Traverse City Record-Eagle


October 14, 2013

Health plan sign-ups on the rise in Michigan

DETROIT (AP) — Amid the problems and political finger-pointing since the launch of online health care exchanges, Adnan Hammad sees progress.

The community health director at Dearborn-based nonprofit organization ACCESS said his staff has helped hundreds of people enroll in plans under the federal health care overhaul and educated thousands about the available options. That's despite technical problems that have plagued the site and frustrated consumers in Michigan and across the country since its Oct. 1 debut.

Glitches and delays persist, but they started to ease in the second week of the marketplaces — envisioned as a 21st century portal to a health care law designed to provide insurance for people who don't have access to coverage on the job. Technical problems with the overloaded website frustrated consumers for days.

The exchanges launched as the federal government partially shut down. Republican leaders had demanded that votes to reopen the government be tied to dismantling President Barack Obama's health care law and cutting federal spending.

"I'm not a politician. ... I'm just seeing it from the human side," said Hammad, whose organization is one of four in Michigan sharing $2.5 million from the federal government to help people sign up for insurance. "It is just an exciting time for us to actually see all those families and children come to our doors and leaving happy ... saying, 'Hey, I'm going to have health insurance now.'"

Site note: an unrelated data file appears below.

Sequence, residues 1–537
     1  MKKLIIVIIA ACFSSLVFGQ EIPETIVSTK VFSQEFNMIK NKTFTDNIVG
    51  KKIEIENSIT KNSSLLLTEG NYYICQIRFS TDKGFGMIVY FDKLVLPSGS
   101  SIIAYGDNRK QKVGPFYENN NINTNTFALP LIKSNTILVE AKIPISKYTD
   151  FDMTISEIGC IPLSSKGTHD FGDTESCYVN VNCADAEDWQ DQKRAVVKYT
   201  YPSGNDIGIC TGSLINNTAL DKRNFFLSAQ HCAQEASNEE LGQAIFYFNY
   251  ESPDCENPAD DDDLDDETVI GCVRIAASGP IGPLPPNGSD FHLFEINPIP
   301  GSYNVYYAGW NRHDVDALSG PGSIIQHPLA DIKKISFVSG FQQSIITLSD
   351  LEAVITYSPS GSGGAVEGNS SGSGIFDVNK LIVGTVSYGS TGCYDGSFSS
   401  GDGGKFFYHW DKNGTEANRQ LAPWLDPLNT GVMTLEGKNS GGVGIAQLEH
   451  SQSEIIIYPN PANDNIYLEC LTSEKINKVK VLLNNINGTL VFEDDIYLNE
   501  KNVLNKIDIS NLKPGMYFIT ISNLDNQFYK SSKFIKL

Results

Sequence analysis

Hammad said things have steadily improved and ACCESS has boosted the hours of the workers dubbed "navigators" to keep up with demand.

Still, the public's overall satisfaction with the exchanges is low, according to a survey conducted from Oct. 3-7.

The AP-GfK poll released Thursday found just 7 percent of Americans saying the rollout of the health exchanges has gone well. The poll also found 40 percent of Americans said the launch of the insurance markets hasn't gone well, 20 percent said it's gone somewhat well and 30 percent didn't know what to say.

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